Is 3-D printing a trade killer? In an era of growing concern over technology’s impact on manufacturing jobs, this is an emotionally charged question.
3-D printing brings production closer to consumers, enables faster and cheaper production of goods, and promotes customization. Because of these benefits, many argue that it could usher in a future in which fewer and fewer goods are traded internationally. That would be a grim future: it would kill opportunities for the type of export-led growth that has driven development for so many countries. But are such fears warranted?
To get to the bottom of these questions, we recently took an empirical look at exactly how 3-D printing is affecting trade. Our subject? Hearing aids. Why hearing aids? This is an industry that was completely reinvented in a short time in the mid-2000s -one company shifted to 3-D printing in less than 500 days. What was once a time-intensive nine-step process that involved casting molds and detailed sculpting work by multiple artisans and high-skilled workers is now surprisingly fast. A hearing aid can now be completed in just three steps: scan, blueprint, and print. What was once a bulky, stigmatized, and uncomfortable item to wear is now small, inconspicuous, and customized for each individual ear.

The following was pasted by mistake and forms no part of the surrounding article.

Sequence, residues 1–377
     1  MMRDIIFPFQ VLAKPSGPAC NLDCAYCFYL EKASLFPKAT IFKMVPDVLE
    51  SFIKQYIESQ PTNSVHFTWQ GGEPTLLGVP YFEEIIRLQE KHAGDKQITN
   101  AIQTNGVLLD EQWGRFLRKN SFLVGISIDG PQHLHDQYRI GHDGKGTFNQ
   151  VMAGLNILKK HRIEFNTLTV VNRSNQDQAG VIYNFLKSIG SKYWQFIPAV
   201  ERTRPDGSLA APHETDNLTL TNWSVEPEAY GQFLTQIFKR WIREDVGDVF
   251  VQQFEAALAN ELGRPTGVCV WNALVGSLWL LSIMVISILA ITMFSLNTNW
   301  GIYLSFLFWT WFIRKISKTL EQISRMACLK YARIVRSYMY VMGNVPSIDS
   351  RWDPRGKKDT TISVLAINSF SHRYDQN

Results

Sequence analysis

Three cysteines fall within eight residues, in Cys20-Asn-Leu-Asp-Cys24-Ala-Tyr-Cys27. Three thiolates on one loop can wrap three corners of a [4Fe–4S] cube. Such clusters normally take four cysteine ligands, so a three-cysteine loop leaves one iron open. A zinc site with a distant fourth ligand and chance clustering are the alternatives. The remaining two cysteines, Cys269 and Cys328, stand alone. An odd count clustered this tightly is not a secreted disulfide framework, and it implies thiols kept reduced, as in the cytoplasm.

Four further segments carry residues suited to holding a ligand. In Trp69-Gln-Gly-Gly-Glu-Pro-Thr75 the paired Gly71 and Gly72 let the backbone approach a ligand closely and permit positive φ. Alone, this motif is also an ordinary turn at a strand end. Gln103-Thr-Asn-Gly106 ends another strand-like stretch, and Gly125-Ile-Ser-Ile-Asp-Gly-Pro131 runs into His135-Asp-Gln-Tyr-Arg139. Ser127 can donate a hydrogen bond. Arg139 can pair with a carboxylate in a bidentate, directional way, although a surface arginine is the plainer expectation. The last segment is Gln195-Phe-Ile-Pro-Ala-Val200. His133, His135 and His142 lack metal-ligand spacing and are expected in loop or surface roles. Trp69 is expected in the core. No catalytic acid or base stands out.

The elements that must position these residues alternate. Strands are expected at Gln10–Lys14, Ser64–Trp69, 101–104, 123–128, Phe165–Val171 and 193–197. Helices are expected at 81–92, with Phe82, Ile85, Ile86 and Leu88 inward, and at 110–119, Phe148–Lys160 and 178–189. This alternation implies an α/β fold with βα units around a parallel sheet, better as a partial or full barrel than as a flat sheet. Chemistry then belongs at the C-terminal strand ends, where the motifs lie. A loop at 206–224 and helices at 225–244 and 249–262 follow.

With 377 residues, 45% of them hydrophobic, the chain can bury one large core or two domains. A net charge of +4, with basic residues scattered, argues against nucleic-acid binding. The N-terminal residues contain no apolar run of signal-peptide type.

So how did this new production process transform trade in the hearing-aid industry?We also observed that innovation helped make hearing aids less expensive—by 20 percent in the US, for instance. When we study the impact on imports, we find that
Figure: A first look at trade data suggests that 3D printing boosted trade in hearing aids. The chart below shows that after 2007, when production was shifted to 3-D printing, trade in hearing aids increased more than other categories of products.
What we didn’t find is perhaps more important:Countries that were already producing hearing aids leveraged the technology to produce and export even more of them. Countries that did not produce hearing aids started importing more of them. We also found some new exporters entering the fray—including China, Vietnam, and Mexico.
But this is just one specialized industry. Is it a special case? Or can these results be applied to trade in general? To answer this, we considered what is unique about hearing aids: their small size. Finished hearing aids are light and easy to ship to customers regardless of where they are located. We wanted to find out if these effects would be limited to similar-sized products. We researched 35 other products which are at least partly 3-D printed. On average, with 3-D printing, trade also increased in these products. But the impact was less pronounced for heavier products.
Our research turned out to be a bit of a myth-busting exercise. While it might be instinctual to worry about trade diminishing as a result of 3-D printing, it appears that for the foreseeable future at least, the ability to produce more of something at a lower price and in a shorter timeframe actually helps generate trade—not kill it.